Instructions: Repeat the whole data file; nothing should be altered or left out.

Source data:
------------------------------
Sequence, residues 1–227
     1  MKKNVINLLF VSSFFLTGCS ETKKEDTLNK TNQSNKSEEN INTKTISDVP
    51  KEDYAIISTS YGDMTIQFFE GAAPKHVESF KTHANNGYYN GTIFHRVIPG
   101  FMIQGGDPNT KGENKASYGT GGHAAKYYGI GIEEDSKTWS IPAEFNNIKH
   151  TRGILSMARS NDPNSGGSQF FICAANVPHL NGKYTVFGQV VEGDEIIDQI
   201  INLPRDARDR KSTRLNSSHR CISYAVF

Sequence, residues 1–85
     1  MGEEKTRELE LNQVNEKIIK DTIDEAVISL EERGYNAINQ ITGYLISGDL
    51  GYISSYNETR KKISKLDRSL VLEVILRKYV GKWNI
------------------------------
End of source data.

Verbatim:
Sequence, residues 1–227
     1  MKKNVINLLF VSSFFLTGCS ETKKEDTLNK TNQSNKSEEN INTKTISDVP
    51  KEDYAIISTS YGDMTIQFFE GAAPKHVESF KTHANNGYYN GTIFHRVIPG
   101  FMIQGGDPNT KGENKASYGT GGHAAKYYGI GIEEDSKTWS IPAEFNNIKH
   151  TRGILSMARS NDPNSGGSQF FICAANVPHL NGKYTVFGQV VEGDEIIDQI
   201  INLPRDARDR KSTRLNSSHR CISYAVF

Sequence, residues 1–85
     1  MGEEKTRELE LNQVNEKIIK DTIDEAVISL EERGYNAINQ ITGYLISGDL
    51  GYISSYNETR KKISKLDRSL VLEVILRKYV GKWNI